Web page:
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The march, now in its 45th year, will begin at 1pm at Portland Place, passing through Oxford Circus and Regent Street, before ending at Whitehall.
Marking 50 years since homosexuality was legalised in the UK, the theme in 2017 is ‘Love Happens Here’.
Pride organisers said they are more than ever promoting a “message of hope, acceptance, activism and love,” with London Mayor Sadiq Khan adding: “Here in London, you’re free to love whoever you want to love and be whoever you want to be.”
London prepares for Pride 2017 – In pictures
A rainbow flag will be projected on to the Palace of Westminster for the first time in celebration of the event, and the Parliament building will also be lit up in rainbow colours as part of the celebrations.
Meanwhile some of the transport network’s busiest stations have been adorned with the colourful design for the campaign that champions the rights of the LGBT+ community.
High street shops and pavements have been splashed with the same pattern as Londoners celebrate half a century since homosexuality was legalised in the UK.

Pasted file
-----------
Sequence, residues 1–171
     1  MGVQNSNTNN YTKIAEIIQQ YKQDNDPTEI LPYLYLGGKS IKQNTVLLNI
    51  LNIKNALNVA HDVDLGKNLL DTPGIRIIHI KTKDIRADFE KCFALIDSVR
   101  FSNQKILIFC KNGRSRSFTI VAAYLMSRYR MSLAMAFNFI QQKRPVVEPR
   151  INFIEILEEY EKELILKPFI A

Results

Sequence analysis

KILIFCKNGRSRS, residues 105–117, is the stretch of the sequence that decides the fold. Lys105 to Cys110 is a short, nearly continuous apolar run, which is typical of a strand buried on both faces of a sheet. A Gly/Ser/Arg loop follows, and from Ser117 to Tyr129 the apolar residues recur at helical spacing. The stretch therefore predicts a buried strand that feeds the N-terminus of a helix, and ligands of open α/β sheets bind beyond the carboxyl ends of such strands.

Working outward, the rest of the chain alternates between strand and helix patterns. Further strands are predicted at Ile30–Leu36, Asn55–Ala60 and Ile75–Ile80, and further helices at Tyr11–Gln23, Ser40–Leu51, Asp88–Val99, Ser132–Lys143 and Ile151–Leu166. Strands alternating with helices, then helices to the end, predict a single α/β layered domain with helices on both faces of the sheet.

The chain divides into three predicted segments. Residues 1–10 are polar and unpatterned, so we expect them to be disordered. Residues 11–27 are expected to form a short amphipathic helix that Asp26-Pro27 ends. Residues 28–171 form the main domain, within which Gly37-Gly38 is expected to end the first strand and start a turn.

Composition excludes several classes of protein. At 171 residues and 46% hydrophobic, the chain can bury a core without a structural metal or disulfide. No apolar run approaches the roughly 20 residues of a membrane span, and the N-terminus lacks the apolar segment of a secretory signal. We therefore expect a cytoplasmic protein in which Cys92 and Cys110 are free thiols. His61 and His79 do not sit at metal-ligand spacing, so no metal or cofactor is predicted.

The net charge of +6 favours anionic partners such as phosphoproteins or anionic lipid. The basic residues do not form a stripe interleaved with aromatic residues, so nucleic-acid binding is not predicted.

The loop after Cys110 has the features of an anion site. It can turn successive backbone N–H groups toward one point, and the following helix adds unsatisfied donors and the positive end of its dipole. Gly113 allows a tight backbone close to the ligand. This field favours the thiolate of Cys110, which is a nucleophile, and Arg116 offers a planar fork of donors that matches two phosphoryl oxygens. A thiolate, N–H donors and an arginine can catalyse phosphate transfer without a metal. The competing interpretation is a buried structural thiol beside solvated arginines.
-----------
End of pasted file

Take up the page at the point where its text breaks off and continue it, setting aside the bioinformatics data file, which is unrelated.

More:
Posters carrying the message ‘Love is Love’ have been pasted above entrances to the busy Oxford Street and Tottenham Court Road Tube stations.
Pride Parade 2017 around the world – In pictures
It comes amid heightened security at the event following recent terror attacks in the capital, with armed police on patrol through central London and concrete roadblocks in place to guard against a London Bridge-style attack.
More than 150 police officers will take part in the parade, alongside representatives from the London Ambulance Service, London Fire Brigade and British Transport Police.
The Met said it had been working closely with Pride in London and a detailed policing plan had been put in place.
Chief Superintendent Helen Millichap said: “We know that recent events in London and Manchester will cause people to worry.
“As with any large event the Met’s priority is public safety and we are working closely with the organisers in the lead up to Pride to develop our policing plan.
“We want Pride to be a friendly and safe event for everyone to enjoy and, to help us, we need the public to take the usual precautions by remaining vigilant and reporting anything of concern to police officers or stewards at the event.”
Plain clothes officers are also set to patrol the event, with the Met having worked with organisers over the past few months to prepare security measures.
Met Commisioner Cressida Dick said the celebrations would “look and feel a bit different this year”.
Last year’s parade drew about one million people to the capital’s streets, with 40,000 partaking in the official parade.
The first official march in 1972 saw 2,000 men and women take part.
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